• Friends Service Council annual reports and internal correspondence files on British Quaker workers’ and local Quakers’ activities in assisting refugees and other victims of Nazism in (and from), China, Austria, France, Germany, Poland, Switzerland and Scandinavia from around 1933 onwards.
  • Palestine Watching Committee and Friends Service Council Middle East files material on Palestine and the Middle East, reporting on the pre-war situation there, and undertaking assistance after World War II.

The project will not only make World War II Quaker materials more widely available for public research, but will help to educate people in the prevention of genocide and hatred. The Library looks forward to continuing its work with the USHMM. For more information about the project, please contact the Archivist (library@quaker.org.uk)

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8 Responses to Quakers, relief and rescue in 1930s and 1940s Europe: a collaborative microfilming project with the US Holocaust Memorial Museum

  1. Andrew Hicks says:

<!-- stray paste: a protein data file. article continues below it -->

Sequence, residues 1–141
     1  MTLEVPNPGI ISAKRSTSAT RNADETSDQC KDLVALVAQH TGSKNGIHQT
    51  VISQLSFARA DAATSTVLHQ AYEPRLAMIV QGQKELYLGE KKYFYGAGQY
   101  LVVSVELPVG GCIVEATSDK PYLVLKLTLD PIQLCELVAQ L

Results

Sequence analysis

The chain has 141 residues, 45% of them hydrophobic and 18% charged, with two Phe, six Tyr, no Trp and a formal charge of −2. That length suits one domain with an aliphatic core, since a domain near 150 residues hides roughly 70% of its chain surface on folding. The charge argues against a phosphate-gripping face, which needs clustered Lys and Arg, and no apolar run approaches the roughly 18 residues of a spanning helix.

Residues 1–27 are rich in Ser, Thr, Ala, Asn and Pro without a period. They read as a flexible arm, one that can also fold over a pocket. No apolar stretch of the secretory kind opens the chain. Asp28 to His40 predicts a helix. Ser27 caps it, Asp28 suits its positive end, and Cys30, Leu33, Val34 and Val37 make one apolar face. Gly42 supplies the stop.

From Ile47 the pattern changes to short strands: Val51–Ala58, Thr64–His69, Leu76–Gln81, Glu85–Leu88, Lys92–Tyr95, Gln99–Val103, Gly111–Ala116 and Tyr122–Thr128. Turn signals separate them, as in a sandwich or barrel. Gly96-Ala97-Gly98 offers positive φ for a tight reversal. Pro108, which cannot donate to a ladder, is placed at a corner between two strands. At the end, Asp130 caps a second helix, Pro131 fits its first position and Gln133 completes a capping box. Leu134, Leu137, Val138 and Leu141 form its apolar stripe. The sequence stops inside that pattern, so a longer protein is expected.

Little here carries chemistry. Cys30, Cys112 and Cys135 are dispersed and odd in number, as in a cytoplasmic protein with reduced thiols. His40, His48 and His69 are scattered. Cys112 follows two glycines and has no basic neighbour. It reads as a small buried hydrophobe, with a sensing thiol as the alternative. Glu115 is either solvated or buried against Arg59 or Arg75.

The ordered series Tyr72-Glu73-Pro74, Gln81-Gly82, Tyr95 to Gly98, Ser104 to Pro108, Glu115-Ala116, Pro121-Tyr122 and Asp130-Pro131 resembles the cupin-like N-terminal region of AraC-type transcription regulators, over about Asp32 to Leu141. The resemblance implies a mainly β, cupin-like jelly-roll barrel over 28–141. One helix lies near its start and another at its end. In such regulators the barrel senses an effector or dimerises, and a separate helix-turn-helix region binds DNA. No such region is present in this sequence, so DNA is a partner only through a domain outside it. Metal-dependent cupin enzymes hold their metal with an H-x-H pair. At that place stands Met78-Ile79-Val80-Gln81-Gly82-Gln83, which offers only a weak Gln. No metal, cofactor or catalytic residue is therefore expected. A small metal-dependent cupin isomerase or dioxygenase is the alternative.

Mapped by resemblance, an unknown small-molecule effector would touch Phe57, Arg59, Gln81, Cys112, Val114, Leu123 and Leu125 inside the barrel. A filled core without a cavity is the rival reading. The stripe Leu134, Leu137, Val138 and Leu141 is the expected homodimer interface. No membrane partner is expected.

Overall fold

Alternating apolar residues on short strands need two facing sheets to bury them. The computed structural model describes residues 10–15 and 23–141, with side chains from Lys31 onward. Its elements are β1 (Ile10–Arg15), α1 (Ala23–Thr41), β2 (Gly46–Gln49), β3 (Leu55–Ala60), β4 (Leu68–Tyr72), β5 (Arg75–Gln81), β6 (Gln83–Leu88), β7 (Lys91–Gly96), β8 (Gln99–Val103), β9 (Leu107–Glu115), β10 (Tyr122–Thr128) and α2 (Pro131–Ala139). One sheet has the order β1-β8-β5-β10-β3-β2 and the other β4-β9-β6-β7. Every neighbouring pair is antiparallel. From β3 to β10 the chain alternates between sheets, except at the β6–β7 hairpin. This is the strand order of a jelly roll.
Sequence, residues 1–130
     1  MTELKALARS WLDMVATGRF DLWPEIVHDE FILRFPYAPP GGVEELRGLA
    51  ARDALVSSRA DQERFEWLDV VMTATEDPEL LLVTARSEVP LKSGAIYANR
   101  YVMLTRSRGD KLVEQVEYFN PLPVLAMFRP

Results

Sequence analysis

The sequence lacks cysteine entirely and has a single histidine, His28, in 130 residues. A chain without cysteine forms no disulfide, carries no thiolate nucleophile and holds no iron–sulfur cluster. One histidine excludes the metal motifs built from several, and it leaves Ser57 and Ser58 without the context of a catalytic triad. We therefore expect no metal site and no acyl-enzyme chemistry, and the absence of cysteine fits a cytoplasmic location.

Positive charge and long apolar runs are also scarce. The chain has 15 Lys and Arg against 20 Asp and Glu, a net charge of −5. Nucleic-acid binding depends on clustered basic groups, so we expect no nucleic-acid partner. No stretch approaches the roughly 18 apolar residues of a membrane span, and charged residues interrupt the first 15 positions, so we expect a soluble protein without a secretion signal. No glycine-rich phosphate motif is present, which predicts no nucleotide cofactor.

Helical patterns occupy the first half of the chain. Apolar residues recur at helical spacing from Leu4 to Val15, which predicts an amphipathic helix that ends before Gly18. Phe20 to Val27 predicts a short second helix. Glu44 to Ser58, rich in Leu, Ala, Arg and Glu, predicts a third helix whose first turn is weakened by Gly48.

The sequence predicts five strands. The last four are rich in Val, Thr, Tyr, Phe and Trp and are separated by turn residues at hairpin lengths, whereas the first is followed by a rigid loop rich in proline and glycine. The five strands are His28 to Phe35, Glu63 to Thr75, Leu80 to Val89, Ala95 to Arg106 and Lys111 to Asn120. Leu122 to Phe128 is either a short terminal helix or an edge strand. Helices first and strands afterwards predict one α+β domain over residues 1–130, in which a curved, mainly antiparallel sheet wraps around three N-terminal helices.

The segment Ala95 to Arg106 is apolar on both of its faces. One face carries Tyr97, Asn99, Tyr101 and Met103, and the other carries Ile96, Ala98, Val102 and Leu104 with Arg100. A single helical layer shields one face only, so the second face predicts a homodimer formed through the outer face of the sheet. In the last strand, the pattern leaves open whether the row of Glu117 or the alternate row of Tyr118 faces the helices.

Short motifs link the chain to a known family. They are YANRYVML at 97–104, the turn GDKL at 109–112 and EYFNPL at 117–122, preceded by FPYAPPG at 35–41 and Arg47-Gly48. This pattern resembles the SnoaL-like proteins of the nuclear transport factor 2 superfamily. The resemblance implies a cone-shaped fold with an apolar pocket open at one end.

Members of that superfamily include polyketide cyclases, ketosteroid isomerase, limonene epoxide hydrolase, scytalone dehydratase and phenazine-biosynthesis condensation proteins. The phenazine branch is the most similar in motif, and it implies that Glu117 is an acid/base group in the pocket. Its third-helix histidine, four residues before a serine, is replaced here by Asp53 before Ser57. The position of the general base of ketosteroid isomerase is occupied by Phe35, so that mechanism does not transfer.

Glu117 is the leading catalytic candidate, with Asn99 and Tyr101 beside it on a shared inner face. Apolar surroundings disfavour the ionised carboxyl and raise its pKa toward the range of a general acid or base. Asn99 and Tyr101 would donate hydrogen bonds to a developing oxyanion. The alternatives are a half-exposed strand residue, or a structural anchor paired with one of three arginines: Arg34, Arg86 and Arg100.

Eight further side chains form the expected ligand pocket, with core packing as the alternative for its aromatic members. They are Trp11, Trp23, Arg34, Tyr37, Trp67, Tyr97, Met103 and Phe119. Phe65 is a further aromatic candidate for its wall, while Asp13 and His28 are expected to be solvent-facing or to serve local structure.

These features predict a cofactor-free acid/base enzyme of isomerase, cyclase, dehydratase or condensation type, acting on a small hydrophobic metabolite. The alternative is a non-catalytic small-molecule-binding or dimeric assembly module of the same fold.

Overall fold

What a wonderful transatlantic collaboration this is and a model perhaps for other projects. One such could be to microfilm or scan the newsletter series of the Friends Ambulance Unit ‘China Convoy’. These were prepared and distributed in China to all FAU members as a necessary link to all staff scattered in far flung places. They contain many pieces by talented writers that bring to life the day to day struggle to help the peoples of China, which tell the unfolding story of the China Convoy and vividly illustrate the challenging conditions that pertained in China at the time. The newsletter was published from March 1942 and these are in the Friends Library archives until March 1947 (Temp MSS 876 Box FAUCC 4). From 1946 the China Convoy was taken over by the AFSC and so subsequent ‘Chronicles’ so-called will be found in the archives in Philadelphia until the very last issue in March 1951. (You can Google ‘Survey of AFSC Archives on China (1924-1991)’ for a detailed list of holdings.) I am not sure how complete this collection of AFSC Chronicles is, but it would be wonderful to collaborate on recording and preserving a full collection of the surviving newsletters on both sides of the Atlantic. The original paper is crumbling and this is the ultimate research tool on the China Convoy as well as a very special collection of creative writing. It needs to be saved and made more accessible in one place. How could this idea be taken forward?